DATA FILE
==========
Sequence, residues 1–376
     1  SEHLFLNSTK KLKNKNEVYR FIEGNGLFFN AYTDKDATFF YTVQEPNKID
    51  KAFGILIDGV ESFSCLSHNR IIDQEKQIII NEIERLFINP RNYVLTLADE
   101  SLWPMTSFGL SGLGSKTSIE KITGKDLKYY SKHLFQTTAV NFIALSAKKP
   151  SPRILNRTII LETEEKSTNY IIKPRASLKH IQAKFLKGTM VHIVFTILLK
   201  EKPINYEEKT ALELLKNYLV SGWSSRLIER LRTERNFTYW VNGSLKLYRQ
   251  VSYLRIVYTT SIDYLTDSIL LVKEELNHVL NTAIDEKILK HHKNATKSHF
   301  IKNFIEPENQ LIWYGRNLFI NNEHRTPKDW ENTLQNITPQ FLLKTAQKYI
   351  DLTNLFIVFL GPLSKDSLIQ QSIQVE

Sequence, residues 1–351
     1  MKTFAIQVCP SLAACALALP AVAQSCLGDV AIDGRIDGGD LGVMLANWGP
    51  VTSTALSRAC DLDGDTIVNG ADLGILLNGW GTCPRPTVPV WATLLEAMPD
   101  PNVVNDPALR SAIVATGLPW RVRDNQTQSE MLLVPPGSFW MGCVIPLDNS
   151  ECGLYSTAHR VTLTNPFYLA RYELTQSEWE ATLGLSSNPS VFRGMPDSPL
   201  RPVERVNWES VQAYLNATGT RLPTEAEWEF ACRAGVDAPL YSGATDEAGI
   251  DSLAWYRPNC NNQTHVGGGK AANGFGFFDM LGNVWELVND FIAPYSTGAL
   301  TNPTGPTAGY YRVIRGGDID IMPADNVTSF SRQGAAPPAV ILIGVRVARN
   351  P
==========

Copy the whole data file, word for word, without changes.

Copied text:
Sequence, residues 1–376
     1  SEHLFLNSTK KLKNKNEVYR FIEGNGLFFN AYTDKDATFF YTVQEPNKID
    51  KAFGILIDGV ESFSCLSHNR IIDQEKQIII NEIERLFINP RNYVLTLADE
   101  SLWPMTSFGL SGLGSKTSIE KITGKDLKYY SKHLFQTTAV NFIALSAKKP
   151  SPRILNRTII LETEEKSTNY IIKPRASLKH IQAKFLKGTM VHIVFTILLK
   201  EKPINYEEKT ALELLKNYLV SGWSSRLIER LRTERNFTYW VNGSLKLYRQ
   251  VSYLRIVYTT SIDYLTDSIL LVKEELNHVL NTAIDEKILK HHKNATKSHF
   301  IKNFIEPENQ LIWYGRNLFI NNEHRTPKDW ENTLQNITPQ FLLKTAQKYI
   351  DLTNLFIVFL GPLSKDSLIQ QSIQVE

Sequence, residues 1–351
     1  MKTFAIQVCP SLAACALALP AVAQSCLGDV AIDGRIDGGD LGVMLANWGP
    51  VTSTALSRAC DLDGDTIVNG ADLGILLNGW GTCPRPTVPV WATLLEAMPD
   101  PNVVNDPALR SAIVATGLPW RVRDNQTQSE MLLVPPGSFW MGCVIPLDNS
   151  ECGLYSTAHR VTLTNPFYLA RYELTQSEWE ATLGLSSNPS VFRGMPDSPL
   201  RPVERVNWES VQAYLNATGT RLPTEAEWEF ACRAGVDAPL YSGATDEAGI
   251  DSLAWYRPNC NNQTHVGGGK AANGFGFFDM LGNVWELVND FIAPYSTGAL
   301  TNPTGPTAGY YRVIRGGDID IMPADNVTSF SRQGAAPPAV ILIGVRVARN
   351  P